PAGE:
Other teachers reported similar responses from schools about online abuse, with protection of the school’s reputation cited as the main reason for the lack of action. How does this approach protect the school’s reputation though? Could it not be argued that a school’s failure to tackle bullying – in any form – is a failure of the school’s anti-bullying policies and a slight against its reputation?

Workplace bullying

A harsh working climate and a ruthless regime of economic cuts have led to a rise in workplace bullying. Over the last year, the Advisory, Conciliation and Arbitration Service (ACAS) reported receiving around 20,000 calls about bullying and harassment at work, with some callers even confiding that they had considered committing suicide. The Chair of ACAS, Sir Brendan Barber, said bullying is on the rise in the UK: “Managers sometimes dismiss accusations around bullying as simply personality or management-style clashes, whilst others may recognise the problem, but lack the confidence or skills to deal with it.”[4]

In a consultation paper seeking alternative solutions for tackling workplace bullying, ACAS found that bullying is more prevalent among certain groups. These include:

  • Public sector minority workers
  • Women in traditionally male-dominated occupations
  • Workers with disabilities or health problems
  • Lesbian, gay and transgender employees

The consultation paper also estimates that lost productivity through absenteeism and bullying-related stress costs the UK economy over £17 billion a year.[5] It also concludes that employers tend to lack the skills to tackle the issue of bullying, often opting to move staff around, rather than investigating and remedying the problems. (Brian Milligan, para. 9)

Shainaz Firfiray, Assistant Professor of Organisation and Human Resource Management at Warwick Business School said: “Although bullying takes place at all levels within the workplace, the most common perpetrators are managers.

“This type of bullying often arises due to an unequal balance of power, with managers attempting to control the behaviour of subordinates through coercive methods.” (Brian Milligan, para. 13-14)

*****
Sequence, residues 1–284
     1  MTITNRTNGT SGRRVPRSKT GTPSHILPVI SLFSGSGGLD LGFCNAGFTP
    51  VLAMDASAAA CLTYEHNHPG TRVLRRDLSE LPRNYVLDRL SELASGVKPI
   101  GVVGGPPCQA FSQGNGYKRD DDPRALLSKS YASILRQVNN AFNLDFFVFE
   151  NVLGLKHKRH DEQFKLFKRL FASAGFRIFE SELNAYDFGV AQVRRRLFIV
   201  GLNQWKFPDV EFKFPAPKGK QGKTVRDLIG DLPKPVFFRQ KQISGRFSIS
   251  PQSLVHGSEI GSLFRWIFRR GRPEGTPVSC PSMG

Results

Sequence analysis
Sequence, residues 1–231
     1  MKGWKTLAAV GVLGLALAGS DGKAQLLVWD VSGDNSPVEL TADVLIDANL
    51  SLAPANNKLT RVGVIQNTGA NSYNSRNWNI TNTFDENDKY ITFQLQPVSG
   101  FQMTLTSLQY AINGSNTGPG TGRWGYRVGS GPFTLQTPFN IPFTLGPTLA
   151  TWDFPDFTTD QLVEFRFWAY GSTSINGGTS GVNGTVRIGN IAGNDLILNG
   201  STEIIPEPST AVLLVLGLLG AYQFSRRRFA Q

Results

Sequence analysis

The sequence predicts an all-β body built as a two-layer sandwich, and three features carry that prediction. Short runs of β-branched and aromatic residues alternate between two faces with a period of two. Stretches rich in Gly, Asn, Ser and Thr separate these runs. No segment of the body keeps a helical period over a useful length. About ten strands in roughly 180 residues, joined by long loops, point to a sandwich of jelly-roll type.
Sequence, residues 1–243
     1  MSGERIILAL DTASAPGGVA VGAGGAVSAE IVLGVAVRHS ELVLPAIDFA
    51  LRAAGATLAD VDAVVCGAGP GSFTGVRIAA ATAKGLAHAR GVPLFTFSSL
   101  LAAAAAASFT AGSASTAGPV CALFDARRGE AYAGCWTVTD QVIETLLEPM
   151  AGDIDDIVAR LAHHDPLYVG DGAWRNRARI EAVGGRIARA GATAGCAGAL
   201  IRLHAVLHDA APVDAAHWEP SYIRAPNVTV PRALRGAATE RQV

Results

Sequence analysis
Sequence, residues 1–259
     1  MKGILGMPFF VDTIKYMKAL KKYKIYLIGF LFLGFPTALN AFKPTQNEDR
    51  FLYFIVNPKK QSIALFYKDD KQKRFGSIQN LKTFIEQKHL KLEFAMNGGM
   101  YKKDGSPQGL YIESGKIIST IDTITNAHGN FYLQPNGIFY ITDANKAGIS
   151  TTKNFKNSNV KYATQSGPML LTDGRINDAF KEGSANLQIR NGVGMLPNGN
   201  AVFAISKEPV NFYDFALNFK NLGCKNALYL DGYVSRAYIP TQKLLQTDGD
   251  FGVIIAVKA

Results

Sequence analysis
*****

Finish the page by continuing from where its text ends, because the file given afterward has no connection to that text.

Zero tolerance

So what can you do to tackle workplace bullying? Schools should take a zero-tolerance approach to any instances of bullying, which means that the abuse of staff, by colleagues, pupils or parents should be fiercely challenged. After all, if children see their teachers being humiliated, undermined and isolated, what hope will they have that their own experiences will be taken seriously and resolved?

ACAS, the NASUWT and the Trades Union Congress (TUC) are all in agreement that the majority of Anti-Bullying Policies in the workplace fall short in reducing the overall prevalence of bullying. They advise reviewing current policies and replacing them if they are not up to scratch. The NASUWT and the TUC also advocate the creation of a Zero-Tolerance Anti-Bullying Policy. (Sarah Cassidy, para. 20) (Brian Milligan, para. 11)

Useful materials:

MAT Harassment Policy[ID]=20642

Cyber Bullying: Advice for Headteachers and Staff[ID]=18522

Cyber Bullying Policy (available for primary and secondary schools)[ID]=18522

Transgender Policy[ID]=20589

[1] Richard Adams (2015) ‘Fewer school bullies but cyberbullying is on the increase’, para. 1-3 <> [Accessed: 16 November 2015]

[2] Sophie Scott (2015) ‘Anti-Bullying Week: Teachers “ill equipped” to deal with mental health issues’, para. 1 <> [Accessed: 16 November 2015]

[3] Sarah Cassidy (2015) ‘Teachers face a storm of bullying – by the children’s parents’, para. 1 <>

[4] Brian Milligan (2015) ‘Workplace bullying on the rise in the UK says ACAS’, <> [Accessed: 16 November 2015]

[5] ACAS (2015) Policy paper ‘Seeking better solutions: tackling bullying and ill-treatment in Britain’s workplaces’, p.2